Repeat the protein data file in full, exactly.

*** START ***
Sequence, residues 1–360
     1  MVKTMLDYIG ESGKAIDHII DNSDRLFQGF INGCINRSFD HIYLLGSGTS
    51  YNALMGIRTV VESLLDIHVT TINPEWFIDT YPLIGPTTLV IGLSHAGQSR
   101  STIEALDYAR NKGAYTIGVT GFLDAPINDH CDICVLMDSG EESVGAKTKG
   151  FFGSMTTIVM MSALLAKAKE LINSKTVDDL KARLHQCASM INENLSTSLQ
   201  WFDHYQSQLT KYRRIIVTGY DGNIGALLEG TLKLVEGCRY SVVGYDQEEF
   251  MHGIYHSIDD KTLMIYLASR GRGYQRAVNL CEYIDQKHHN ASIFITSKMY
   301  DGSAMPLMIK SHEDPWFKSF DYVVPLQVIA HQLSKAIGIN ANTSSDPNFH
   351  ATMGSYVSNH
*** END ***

Sequence, residues 1–360
     1  MVKTMLDYIG ESGKAIDHII DNSDRLFQGF INGCINRSFD HIYLLGSGTS
    51  YNALMGIRTV VESLLDIHVT TINPEWFIDT YPLIGPTTLV IGLSHAGQSR
   101  STIEALDYAR NKGAYTIGVT GFLDAPINDH CDICVLMDSG EESVGAKTKG
   151  FFGSMTTIVM MSALLAKAKE LINSKTVDDL KARLHQCASM INENLSTSLQ
   201  WFDHYQSQLT KYRRIIVTGY DGNIGALLEG TLKLVEGCRY SVVGYDQEEF
   251  MHGIYHSIDD KTLMIYLASR GRGYQRAVNL CEYIDQKHHN ASIFITSKMY
   301  DGSAMPLMIK SHEDPWFKSF DYVVPLQVIA HQLSKAIGIN ANTSSDPNFH
   351  ATMGSYVSNH